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After apparently reading a recent WND commentary, the most popular leftist talk-show host in the nation has taken to the airwaves to declare that Jesus Christ supported taxpayer-funded welfare.
Talk-show host Thom Hartmann declared on Russia Today that the writings of Pope Francis support his idea that one cannot be a Catholic and a Republican, and Jesus endorsed government taxes for welfare payments.
He cited a a recent WND guest commentary on the idea that Jesus actually endorsed capitalism as he argued for the benefits of taxes and welfare.
In the pope's recent writings, he castigated unfettered capitalism as an ideology that worships "the absolute autonomy of the marketplace and financial speculation" to produce "a new tyranny."
The pope said the earnings of the already rich are "growing exponentially" while the poor suffer an income gap, "separating the majority from the prosperity enjoyed by the happy few."
Hartmann explained, "The pope has repeatedly spoken out against the greed and tyranny of capitalism, and urged his followers to care more for the most vulnerable human beings, and work for a more equal and just society. Catholicism has always preached [to] love your neighbor, help those who are less fortunate. Pope Francis is just following this tradition."
And Hartmann argued that the New Testament story of a man asking Jesus whether he should pay his taxes is a reason to believe Jesus supported the idea of government welfare programs. In Mark 12:17, Jesus responded,
The New Testament notes that when asked about paying taxes, Jesus told the inquirer, "Render to Caesar the things that are Caesar's, and to God the things that are God's" (Mark 12:17).
The result is the question, Hartmann said, "How can someone be a Catholic and a Republican?"
Caleb Howe at The Right Scoop posted a video online of Hartmann's program, where he cited a WND guest commentary written by Jonathan Moseley, a Virginia business and criminal defense attorney, who also is a co-host with the "Conservative Commandos" radio show.
Moseley argued in the Sunday piece that the warnings from Jesus about hoarding wealth should not be interpreted to say the government should be socialist.
"One truth shines out from the Bible: Jesus spoke to the individual, never to the government or government policy," he wrote. "Jesus was a capitalist, preaching personal responsibility, not a socialist."
He cited Pope Francis' recent statements condemning capitalism, explaining, "Francis argues for dependence upon government to redistribute wealth. And con artists in the U.S. are seizing on the opportunity to spread the misery of socialism. Rush Limbaugh and Sarah Palin this week called Pope Francis on his mangling of economics."
Howe continued, "Hartmann trots out the old canard that Jesus really was a hippie and that people who oppose Democrat welfare policies are really, therefore, ANTI-JESUS!! … OK, not in so many words. But his argument is the same we've heard a million times. It's the stand-by straw man of every liberal who wishes to appear oh-so-clever. That it is possible to believe in charity and good works without believing in compulsory behavior enforced by the state is something that never crosses this 'rumbler's' mind. Not even when his guests rightly point it out."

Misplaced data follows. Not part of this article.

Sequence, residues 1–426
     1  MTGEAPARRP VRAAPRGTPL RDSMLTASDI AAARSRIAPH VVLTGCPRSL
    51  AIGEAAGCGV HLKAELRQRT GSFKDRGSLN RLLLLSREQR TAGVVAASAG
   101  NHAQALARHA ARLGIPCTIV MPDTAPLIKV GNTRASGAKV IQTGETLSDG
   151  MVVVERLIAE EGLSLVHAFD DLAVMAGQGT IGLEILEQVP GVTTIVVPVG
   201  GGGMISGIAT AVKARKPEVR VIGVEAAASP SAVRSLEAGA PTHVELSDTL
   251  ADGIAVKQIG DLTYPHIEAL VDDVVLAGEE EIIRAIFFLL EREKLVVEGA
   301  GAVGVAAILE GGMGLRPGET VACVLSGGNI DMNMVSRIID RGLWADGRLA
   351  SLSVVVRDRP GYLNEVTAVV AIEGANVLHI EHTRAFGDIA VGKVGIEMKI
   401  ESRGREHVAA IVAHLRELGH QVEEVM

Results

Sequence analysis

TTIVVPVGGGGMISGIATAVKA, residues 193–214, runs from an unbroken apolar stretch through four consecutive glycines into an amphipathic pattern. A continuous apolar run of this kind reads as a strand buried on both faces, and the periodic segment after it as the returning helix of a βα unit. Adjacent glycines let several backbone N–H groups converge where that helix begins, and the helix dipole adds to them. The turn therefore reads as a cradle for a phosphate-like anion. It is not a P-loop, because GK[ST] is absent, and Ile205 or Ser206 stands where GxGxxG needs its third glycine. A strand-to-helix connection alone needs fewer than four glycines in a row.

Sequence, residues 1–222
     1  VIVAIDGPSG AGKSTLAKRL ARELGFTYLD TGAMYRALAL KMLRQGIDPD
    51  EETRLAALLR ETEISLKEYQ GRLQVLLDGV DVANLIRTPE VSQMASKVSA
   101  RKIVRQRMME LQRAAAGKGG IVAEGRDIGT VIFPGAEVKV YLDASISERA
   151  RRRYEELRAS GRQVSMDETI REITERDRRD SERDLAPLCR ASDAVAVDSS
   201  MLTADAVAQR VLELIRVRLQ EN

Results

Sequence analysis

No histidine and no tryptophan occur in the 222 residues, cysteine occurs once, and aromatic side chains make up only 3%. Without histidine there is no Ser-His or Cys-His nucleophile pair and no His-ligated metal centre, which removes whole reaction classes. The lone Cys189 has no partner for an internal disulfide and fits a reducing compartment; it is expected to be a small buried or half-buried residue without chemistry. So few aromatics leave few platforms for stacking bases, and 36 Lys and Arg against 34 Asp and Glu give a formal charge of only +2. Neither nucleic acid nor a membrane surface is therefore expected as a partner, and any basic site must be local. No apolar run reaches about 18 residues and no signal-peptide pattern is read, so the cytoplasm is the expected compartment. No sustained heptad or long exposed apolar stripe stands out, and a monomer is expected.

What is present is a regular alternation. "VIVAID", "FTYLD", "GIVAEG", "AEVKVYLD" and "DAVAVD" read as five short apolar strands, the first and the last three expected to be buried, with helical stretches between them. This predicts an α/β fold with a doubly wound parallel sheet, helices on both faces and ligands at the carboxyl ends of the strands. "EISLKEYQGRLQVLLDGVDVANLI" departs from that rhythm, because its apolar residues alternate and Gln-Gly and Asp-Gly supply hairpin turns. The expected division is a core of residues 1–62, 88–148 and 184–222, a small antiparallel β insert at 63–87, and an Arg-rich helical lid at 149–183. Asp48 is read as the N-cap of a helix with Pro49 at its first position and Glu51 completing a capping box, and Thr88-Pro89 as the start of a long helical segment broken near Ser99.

Francis criticized capitalism and urged Christians to reject what he characterizes as "the new idolatry of money." He said he believes income redistribution is essential to a moral theory of economics.
"I encourage financial experts and political leaders to ponder the words of one of the sages of antiquity: 'Not to share one's wealth with the poor is to steal from them and to take away their livelihood. It is not our own goods which we hold, but theirs,'" he wrote.
He charges that capitalists and free-market advocates "end up being incapable of feeling compassion at the outcry of the poor, weeping for other people's pain, and feeling a need to help them, as though all this were someone else's responsibility and not our own."
Hartmann argued that Jesus told people to pay their taxes to the Roman Empire to fund its social programs.
However, Hartmann's guest, Kris Ullman, cited Winston Churchill in saying the free-market system isn't perfect, but it's the best that's available out of "a lot of really crappy systems."
"It's an individual's responsibility to help their neighbor," she said.
Hartmann then claimed Jesus' "most important message" was "It's going to be easier for a camel to get through the eye of a needle than for a rich man to get to heaven."
But Ullman and fellow guest Horace Cooper both corrected Hartmann – that Jesus himself identified his most important command as to love God with your whole heart, mind and soul, and the second is to love your neighbor as yourself.
Hartmann, when asked, also identified what he considered a capitalist haven – Somalia.